Author Topic: HD200 EVO LEAKY GAS CAP?  (Read 230 times)


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« on: January 13, 2020, 05:19:17 PM »
I recently bought a 2014 EVO with barely 300 miles on it. I was going on a very long trip and topped up the gas as much as I could. I locked the gas cap, but after a while, I stopped and smelled gas. Gas had been leaking from the cap. I figured that I overfilled it. Just filled up again but this time made sure to put the pump nozzle all the way in so it wouldn't overfill which worked. But then I stopped and smelled gas and the cap had leaked again (not much but some). Has anyone else experienced this?


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« Reply #1 on: January 14, 2020, 02:09:10 AM »
There have been some cases where the cap wears out the plastic it attaches too and won't seat.
For that hit up alliance and hope they hook ya up.  There are some threads on that. If not it's not a cheap part & it's a pain to get to so replacement's time consuming.

If it's not that then I'd check and make sure that all they vent lines are unkinked.

I'd also immediately check oil and make sure it's not mysteriously overfull and smelling of gas as well as the air filter to make sure it's not full of gas.
08 SYM HD200
07 Suzuki Burgman 650


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« Reply #2 on: May 02, 2020, 03:39:29 PM »
My 2016 HD200, 8K miles, daily rider (most days here in Seattle) and therefore my gas cap gets removed / replaced all the time, and it would be so cool if the tanks were bigger!

Re the leaking gas cap, Tromper is exactly right in that the locking metal ears abrade and wear-down the plastic receiving locking grooves and therefore the cap locking ears are not able to do their job by "grooving" into the plastic adequately, resulting no sealing.  In my case one of the metal ears was missing its mark and not grooving in.  The gas cap was only in at a sort-of angle, not at all sealing correctly.  Gas all over the place upon left turns.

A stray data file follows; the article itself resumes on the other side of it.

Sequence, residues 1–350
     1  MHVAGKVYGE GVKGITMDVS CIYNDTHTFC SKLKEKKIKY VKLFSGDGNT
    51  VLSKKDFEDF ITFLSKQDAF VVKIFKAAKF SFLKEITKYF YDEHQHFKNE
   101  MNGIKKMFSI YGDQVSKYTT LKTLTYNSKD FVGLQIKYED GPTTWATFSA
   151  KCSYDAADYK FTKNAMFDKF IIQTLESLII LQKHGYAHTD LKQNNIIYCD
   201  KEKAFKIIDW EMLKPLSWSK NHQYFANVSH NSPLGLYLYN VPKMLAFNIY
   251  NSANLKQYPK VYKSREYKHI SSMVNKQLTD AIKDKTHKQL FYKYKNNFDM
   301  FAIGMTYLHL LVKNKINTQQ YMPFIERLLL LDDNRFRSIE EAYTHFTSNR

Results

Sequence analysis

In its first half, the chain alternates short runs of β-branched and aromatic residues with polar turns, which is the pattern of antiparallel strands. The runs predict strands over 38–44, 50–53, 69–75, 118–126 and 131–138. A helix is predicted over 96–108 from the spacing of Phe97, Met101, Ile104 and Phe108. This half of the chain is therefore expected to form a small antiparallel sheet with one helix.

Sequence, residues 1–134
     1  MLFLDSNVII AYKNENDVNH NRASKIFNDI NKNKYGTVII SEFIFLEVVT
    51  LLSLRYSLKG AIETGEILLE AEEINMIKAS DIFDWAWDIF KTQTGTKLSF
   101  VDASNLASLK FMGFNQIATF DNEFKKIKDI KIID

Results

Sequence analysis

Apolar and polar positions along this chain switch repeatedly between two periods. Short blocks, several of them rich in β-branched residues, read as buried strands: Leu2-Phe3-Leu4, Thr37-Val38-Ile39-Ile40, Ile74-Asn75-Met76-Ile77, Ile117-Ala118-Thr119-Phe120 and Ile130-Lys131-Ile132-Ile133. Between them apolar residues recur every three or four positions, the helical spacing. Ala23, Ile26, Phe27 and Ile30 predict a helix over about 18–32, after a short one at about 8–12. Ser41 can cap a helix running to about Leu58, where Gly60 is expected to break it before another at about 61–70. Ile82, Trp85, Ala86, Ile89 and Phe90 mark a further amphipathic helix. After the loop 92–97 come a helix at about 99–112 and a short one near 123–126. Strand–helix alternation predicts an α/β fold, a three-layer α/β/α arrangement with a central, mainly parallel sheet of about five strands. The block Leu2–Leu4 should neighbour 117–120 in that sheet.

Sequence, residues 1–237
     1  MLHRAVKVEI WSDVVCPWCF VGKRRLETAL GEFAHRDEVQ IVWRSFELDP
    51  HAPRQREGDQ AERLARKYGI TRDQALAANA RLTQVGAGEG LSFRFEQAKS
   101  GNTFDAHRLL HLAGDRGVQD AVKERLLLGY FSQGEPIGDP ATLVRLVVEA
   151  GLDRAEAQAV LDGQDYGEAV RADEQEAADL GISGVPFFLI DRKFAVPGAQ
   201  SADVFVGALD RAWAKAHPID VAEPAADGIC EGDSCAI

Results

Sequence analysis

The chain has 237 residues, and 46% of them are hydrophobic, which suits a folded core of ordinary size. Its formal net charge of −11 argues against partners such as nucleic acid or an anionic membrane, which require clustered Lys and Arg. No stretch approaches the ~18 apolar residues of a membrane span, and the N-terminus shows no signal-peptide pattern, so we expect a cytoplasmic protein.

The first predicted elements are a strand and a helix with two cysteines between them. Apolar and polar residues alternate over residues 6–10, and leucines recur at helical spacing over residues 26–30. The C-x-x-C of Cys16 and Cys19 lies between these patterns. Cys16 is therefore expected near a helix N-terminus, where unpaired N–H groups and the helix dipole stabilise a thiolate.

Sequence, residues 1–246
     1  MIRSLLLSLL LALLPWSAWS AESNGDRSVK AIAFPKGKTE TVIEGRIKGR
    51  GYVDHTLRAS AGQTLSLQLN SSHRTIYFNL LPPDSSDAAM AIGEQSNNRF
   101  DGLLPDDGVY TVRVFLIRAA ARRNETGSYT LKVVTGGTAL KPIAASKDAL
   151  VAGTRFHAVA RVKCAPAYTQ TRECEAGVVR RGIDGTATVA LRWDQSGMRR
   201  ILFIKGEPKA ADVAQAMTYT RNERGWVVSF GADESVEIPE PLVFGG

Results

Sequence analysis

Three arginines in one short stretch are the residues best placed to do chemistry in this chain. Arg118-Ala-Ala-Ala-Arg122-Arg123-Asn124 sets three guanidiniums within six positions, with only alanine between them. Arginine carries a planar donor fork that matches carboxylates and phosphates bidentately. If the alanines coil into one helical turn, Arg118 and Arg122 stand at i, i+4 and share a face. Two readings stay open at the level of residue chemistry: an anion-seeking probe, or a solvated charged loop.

My fix was the following: 

Remove the cap
Thoroughly clean the top of the filler neck with a clean rag, NOT a paper towel
Apply just a pinch of liquid dry lube to only the plastic grooves, inside and out
Apply a dot of dry lube to the curved (convex) sides of the metal ears
Do not apply any dry lube to the main rubber seal at the cap

Be sure the ears are aligned with the receiving notches
Slowly twist the cap back on
Repeat a few times being sure the ears are in place correctly

This has worked for me so far for the past three months with absolutely no leaks and so I carry a small can of dry lube with me always if the cap does not want to lock and seal correctly in the future.  Also, you will see that your cap will turn and lock much easier too. 

A harder and harder opening and closing of the gas cap indicates the need for the dry lube idea before the cap starts leaking.  Wish I'd known this before. 

Good Luck

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